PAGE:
Review Scene: Picture This by Moving Pictures

Moving Pictures Horizontal CLR by Bob King Back L-R Andy Thompson, Garry Frost, Charlie Cole, Front Ian Lees, Alex Smith, Mark Meyer smMoving Pictures are back with Picture This.

A trip down memory lane with these refreshed and revitalised Moving Pictures classics plus a couple of tasty additions.

The band are touring nationally throughout Summer 2015/16 with James Reyne on the ‘A Day In The Sun’ tour.

Following on from SCENE NEWS, the Liberation label has written a stellar review:

 

moving picturesAlbum review: Liberation label

Picture This: A young Sydney band nervously enters the ABC studios in Melbourne to perform their debut single, “Bustin’ Loose”. Girls are screaming and fainting. But not for the band. The girls are there for Adam Ant, who is hosting that night’s show. But the band returns a couple of months later to do their second single, “What About Me?” The next morning, the singer can’t get out of his hotel to have breakfast. The girls are now screaming and fainting for his band.

What are these stories?” Alex Smith ponders in the terrific new song “Traveller’s Tales”, as he reflects on “fables from forgotten times … tales of adventure, fortune and fame.”

It’s one helluva story and it’s all on Moving Pictures’ brand new album, Picture This, which sees the band celebrating its glorious past, recreating classic memories in an acoustic setting.

Yes, we all know that one song, which spent six weeks at number one in Australia, and became the only Australian song to go to number one twice. It was also a hit twice in the US, spending a combined total of 43 weeks on the Billboard charts. There’s no doubt that “What About Me?” overshadowed the rest of Moving Pictures’ work. But PictureThis provides a belated opportunity to celebrate the gritty romanticism of songwriters Garry Frost and Alex Smith.

They showed that you didn’t have to be from the Jersey Shore to dream big. Just check out “Bustin’ Loose”, the epic tale of Jacko, his Sandman and his mates “on the way to their land of dreams”. It plays like an unfolding mystery, where “every guy is a clumsy poet and every girl is a beauty queen”.

Then there’s the unforgettable “The Angel & The Madman”, and soulful new versions of the singles “Sweet Cherie” and “Winners”. The band – Alex, Garry, sax man Andy Thompson, drummer Mark Meyer, bass player Ian Lees, and Charlie Cole on keys – also re-works “Never”, originally on the Footloose soundtrack, which sold 10 million copies. And appropriately, as Moving Pictures embark on their biggest national tour in more than three decades, the album includes “Back To The Streets”.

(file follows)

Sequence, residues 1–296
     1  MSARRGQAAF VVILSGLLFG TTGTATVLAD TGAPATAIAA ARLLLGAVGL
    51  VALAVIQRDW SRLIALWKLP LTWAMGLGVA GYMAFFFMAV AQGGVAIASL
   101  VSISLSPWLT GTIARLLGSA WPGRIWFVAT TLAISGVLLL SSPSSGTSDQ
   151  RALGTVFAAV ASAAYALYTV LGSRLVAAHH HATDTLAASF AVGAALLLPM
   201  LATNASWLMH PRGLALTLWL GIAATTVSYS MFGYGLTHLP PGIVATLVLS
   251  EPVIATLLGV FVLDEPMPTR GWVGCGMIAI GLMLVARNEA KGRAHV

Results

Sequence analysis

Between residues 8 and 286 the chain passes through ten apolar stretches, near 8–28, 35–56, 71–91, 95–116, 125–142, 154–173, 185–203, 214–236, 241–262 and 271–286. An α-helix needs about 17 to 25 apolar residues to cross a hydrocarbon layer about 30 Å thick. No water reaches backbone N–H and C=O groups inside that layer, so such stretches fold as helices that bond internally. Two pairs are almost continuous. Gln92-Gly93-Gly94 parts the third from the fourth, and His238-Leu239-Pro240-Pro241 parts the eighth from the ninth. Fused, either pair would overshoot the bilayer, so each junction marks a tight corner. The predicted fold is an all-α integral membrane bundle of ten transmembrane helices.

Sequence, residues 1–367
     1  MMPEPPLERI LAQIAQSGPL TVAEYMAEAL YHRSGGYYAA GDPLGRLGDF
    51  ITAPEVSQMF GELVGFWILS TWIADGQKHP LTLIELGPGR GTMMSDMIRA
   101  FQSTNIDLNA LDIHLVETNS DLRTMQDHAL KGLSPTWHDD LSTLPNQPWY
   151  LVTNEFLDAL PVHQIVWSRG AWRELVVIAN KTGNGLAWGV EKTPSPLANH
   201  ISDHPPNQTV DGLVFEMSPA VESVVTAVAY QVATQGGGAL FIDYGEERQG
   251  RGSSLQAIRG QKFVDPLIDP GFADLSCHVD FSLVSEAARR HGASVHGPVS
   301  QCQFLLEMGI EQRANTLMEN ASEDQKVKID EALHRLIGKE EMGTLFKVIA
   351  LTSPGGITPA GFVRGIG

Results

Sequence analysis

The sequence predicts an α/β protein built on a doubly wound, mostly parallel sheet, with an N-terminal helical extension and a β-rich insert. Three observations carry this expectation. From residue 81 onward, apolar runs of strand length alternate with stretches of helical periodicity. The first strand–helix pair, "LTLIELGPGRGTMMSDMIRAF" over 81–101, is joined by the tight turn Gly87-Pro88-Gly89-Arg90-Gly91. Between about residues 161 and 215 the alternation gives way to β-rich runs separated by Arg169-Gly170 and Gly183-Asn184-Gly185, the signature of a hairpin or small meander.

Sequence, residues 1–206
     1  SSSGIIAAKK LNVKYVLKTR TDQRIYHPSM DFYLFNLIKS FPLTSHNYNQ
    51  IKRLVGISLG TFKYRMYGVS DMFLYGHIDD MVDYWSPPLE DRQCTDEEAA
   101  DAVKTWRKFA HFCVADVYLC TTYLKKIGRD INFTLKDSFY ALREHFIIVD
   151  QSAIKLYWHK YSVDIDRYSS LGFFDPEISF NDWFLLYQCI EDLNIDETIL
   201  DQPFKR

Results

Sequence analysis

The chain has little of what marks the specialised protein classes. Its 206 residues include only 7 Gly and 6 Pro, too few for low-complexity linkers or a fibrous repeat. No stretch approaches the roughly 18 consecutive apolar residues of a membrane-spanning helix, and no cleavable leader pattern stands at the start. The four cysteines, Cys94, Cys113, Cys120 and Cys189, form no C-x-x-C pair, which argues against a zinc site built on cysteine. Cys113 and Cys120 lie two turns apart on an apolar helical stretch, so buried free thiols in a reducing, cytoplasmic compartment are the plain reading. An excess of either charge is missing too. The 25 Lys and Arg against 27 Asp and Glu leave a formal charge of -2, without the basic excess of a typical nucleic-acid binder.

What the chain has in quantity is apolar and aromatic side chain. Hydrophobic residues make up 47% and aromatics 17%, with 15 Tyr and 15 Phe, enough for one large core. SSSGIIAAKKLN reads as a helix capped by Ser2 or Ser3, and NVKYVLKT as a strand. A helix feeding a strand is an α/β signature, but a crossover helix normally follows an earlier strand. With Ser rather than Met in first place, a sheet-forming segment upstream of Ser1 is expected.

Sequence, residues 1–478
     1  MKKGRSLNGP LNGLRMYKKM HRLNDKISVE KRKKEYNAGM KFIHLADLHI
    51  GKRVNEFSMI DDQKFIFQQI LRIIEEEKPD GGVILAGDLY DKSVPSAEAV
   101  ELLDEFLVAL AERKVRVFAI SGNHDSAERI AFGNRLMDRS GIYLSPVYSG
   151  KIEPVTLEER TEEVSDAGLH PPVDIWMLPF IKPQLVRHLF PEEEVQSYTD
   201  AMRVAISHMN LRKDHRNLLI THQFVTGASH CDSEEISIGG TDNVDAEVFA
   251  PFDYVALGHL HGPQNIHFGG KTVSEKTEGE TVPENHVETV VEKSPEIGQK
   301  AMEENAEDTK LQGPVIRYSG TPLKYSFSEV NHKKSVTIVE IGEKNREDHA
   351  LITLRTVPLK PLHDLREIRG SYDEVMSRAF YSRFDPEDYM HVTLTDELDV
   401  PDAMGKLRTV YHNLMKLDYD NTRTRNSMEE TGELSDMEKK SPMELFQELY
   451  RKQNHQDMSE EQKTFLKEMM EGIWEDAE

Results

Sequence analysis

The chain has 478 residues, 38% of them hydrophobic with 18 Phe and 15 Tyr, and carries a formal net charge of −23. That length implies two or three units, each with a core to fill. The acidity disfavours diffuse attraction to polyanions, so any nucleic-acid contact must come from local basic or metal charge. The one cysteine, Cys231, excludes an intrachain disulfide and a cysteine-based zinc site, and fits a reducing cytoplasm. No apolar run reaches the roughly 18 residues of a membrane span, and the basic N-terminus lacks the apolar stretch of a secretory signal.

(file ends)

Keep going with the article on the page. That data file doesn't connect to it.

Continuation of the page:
Alex and Garry also dip their lids to a songwriting hero, with a cover of Bruce Springsteen’s “Born To Run” (featuring a nod to Willy DeVille’s “Mixed Up, Shook Up Girl”).

Eight of the songs are from Moving Pictures’ blockbuster debut, 1981’s Days of Innocence, which spent seven weeks on top of the Australian charts. In the ’80s, it seemed like every second house on your street had a copy of this record.

Garry departed after the band’s second album, Matinee, which included the bittersweet note: “Days of innocence are all long past/ Boys and girls grow up so fast/ But some of us wish they weren’t over.”

Of course, you can’t rewrite the past. As Garry acknowledges, “You have to be very careful when you look back … but sometimes in retracing old steps, you get lucky.”

Fortunately, these songs are timeless. Alex Smith’s vocal remains an instrument of beauty and power, while Andy Thompson’s sax nearly steals the show.

Yep, the dream is alive. Who would have thought the sequel would be as good as the original?

Picture This.

 

 

MOVING PICTURES – ‘PICTURE THIS’ is out now through Liberation.

About Mary Boukouvalas 871 Articles
Mary is a music photographer and reviewer.

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